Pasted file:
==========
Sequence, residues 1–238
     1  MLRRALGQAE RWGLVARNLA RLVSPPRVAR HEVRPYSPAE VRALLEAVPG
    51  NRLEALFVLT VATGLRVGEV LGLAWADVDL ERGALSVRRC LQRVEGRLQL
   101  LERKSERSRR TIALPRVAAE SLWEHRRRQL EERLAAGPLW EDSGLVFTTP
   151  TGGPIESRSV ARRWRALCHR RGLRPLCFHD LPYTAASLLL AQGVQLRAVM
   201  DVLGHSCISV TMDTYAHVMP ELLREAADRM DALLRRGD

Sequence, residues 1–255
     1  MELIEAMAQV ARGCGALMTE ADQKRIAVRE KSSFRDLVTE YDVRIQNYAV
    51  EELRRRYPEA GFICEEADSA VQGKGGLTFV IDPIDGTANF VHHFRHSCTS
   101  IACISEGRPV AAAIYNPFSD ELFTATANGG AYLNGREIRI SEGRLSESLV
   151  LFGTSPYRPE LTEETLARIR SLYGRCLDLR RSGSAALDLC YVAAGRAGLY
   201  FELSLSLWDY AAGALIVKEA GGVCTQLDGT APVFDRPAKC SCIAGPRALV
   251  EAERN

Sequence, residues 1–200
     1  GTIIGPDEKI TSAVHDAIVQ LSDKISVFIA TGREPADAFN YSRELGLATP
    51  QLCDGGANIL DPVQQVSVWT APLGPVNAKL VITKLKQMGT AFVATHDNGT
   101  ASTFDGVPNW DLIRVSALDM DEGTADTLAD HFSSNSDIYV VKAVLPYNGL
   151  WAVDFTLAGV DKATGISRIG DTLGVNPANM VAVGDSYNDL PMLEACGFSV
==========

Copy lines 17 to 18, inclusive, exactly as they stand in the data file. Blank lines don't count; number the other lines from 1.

   101  ASTFDGVPNW DLIRVSALDM DEGTADTLAD HFSSNSDIYV VKAVLPYNGL
   151  WAVDFTLAGV DKATGISRIG DTLGVNPANM VAVGDSYNDL PMLEACGFSV